Avengers: Age of Ultron is good enough to make me wish it was just a little bit better. It continues to deepen the characters in the movie, and bring them into conflict with other – something that started with the end of the first Avengers movie, and continue through the next set of films – particularly Captain America: The Winter Soldier (still my favorite Marvel movie) and Iron Man 3 (Thor: The Dark World, not so much). It gives a little more humanity to previously undeveloped characters like Hawkeye, Bruce Banner/The Hulk and Black Widow. It doesn’t paint the characters as all heroic – but flawed in different ways. And it offers a direct rebuke to the DC world, in which superheroes don’t seem to care about the havoc the wreak, the innocent lives lost, etc. by placing that directly at the forefront of the action sequences. The film is also whip smart, and amusing, and finds fun ways to explain even mundane, exposition like things that are needed. Oh, and it has one of the best villains of any of the Marvel movies – although, some of the things the movie expects to believe about Ultron don’t make sense). And yet, I walked out of Avengers: Age of Ultron wanting a little more. This is because every time the movie seemed to be headed in an interesting direction, the film grinds to a halt so we can have yet another extended action sequence. Yes, the action sequences (mainly) work – they are well handled and exciting. But they are much like every other action sequence in every other Marvel movie. I wanted more of the stuff that made Age of Ultron different from those previous movies, and less of the stuff that feels exactly the same.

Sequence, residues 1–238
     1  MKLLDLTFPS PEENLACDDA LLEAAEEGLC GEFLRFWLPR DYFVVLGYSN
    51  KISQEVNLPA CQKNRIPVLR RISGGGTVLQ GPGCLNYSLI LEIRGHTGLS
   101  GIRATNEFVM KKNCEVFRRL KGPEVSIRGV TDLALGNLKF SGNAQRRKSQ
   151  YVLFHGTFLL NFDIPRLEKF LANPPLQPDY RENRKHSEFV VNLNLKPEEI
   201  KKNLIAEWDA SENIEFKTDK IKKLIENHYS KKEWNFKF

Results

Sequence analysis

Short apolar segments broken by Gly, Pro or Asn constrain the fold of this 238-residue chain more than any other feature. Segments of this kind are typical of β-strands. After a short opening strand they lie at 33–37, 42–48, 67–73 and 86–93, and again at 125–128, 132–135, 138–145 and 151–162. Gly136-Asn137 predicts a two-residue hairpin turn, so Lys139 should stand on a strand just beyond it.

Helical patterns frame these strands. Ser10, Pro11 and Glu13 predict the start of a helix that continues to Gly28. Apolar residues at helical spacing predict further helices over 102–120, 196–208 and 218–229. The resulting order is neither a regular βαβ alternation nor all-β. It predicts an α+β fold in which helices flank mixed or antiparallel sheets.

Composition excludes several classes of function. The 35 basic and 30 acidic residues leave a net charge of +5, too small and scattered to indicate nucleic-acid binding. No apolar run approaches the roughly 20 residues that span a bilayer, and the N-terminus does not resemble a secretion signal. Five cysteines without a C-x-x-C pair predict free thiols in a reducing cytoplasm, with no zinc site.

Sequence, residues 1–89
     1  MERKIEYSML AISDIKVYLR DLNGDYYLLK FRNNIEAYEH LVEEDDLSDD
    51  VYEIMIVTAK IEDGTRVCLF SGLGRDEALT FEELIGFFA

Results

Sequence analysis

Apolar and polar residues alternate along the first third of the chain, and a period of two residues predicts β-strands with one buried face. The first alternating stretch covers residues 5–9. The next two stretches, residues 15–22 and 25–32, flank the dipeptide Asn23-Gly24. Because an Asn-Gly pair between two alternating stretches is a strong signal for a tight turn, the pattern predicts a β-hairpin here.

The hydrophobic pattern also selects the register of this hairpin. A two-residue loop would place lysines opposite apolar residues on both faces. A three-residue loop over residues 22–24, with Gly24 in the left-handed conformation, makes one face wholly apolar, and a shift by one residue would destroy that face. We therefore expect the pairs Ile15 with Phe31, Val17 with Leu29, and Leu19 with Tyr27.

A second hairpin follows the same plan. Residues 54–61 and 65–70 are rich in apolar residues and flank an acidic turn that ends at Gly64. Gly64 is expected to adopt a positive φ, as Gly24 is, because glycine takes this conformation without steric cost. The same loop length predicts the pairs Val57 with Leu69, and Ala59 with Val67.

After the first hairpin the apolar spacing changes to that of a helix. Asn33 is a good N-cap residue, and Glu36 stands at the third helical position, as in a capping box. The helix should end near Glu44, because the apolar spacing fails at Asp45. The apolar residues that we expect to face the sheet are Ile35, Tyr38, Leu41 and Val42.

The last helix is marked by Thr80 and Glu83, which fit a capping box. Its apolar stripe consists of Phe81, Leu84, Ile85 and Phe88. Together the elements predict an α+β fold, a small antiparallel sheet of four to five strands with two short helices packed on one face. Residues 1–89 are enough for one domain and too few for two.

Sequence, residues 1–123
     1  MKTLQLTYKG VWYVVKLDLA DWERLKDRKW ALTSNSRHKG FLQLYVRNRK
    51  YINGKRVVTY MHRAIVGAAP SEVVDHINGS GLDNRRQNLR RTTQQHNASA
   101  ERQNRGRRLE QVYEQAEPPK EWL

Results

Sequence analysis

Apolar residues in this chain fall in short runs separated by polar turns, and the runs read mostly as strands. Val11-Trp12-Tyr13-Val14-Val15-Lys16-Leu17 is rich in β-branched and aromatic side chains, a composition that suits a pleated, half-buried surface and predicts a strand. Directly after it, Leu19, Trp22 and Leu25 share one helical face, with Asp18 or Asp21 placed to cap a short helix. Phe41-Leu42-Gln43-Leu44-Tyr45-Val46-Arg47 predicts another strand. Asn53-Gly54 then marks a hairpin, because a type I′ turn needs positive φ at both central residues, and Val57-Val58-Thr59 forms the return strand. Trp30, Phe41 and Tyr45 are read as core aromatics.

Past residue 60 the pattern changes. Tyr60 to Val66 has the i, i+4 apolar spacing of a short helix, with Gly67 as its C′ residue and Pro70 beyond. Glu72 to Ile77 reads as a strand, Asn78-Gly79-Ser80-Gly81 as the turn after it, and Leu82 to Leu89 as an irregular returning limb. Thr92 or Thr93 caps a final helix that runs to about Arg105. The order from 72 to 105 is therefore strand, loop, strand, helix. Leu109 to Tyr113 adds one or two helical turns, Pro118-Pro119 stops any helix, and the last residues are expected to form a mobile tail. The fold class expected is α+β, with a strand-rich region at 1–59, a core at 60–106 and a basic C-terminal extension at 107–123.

The movie opens with our heroes smashing the remnants of Hydra – the evil group who we had learned had infiltrated SHIELD and, basically everything else. They want Loki’s scepter – and more importantly the stone in it – back. After a long action sequence in a forest base – where we are introduced to two new people with special powers with a grudge against Tony Stark – the twins Pietro and Wanda Maximoff aka Quicksilver and Scarlett Witch (Aaron Johnson and Elizabeth Olsen) – they do in fact get what they want. Once they get the stone back to Stark’s lab, Tony realizes its immense power – and thinks he can use it to create A.I. that can protect the entire world from external threats. He and Banner do in fact build that – without telling anyone else – and the result is Ultron (voiced by James Spader). It doesn’t take Ultron very long to come up with a much better way than Stark’s to protect the world – essentially by destroying humanity. For some reasons, this all powerful A.I. decides to take the form of robot – and he continues to clone himself. Suddenly, the job the Avengers thought was done needs to be done all over again. And no one is really happy about it – the team manages to work together, even as it’s clear they are falling apart.